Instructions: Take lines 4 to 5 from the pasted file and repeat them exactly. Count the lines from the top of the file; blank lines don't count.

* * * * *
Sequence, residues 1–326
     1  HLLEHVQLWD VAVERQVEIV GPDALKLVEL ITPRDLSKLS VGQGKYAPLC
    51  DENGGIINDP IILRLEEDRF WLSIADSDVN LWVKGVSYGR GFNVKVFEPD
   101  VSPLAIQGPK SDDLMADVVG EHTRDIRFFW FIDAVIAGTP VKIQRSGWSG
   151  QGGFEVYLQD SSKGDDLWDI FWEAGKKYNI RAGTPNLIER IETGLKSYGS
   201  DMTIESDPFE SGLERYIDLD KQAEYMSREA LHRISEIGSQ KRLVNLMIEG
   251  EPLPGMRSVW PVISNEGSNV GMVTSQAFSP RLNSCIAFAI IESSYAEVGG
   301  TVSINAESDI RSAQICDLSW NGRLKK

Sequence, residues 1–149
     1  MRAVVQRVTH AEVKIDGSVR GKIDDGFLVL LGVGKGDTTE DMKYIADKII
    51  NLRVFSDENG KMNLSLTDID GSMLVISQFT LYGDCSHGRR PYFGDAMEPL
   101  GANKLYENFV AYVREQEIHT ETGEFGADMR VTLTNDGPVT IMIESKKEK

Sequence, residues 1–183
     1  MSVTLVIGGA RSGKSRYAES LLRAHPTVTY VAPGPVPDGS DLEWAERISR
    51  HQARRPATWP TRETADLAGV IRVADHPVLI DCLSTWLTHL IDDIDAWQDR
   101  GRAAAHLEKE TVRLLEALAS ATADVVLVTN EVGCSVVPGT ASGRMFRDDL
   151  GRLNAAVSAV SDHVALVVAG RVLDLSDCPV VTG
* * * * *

   101  VSPLAIQGPK SDDLMADVVG EHTRDIRFFW FIDAVIAGTP VKIQRSGWSG
   151  QGGFEVYLQD SSKGDDLWDI FWEAGKKYNI RAGTPNLIER IETGLKSYGS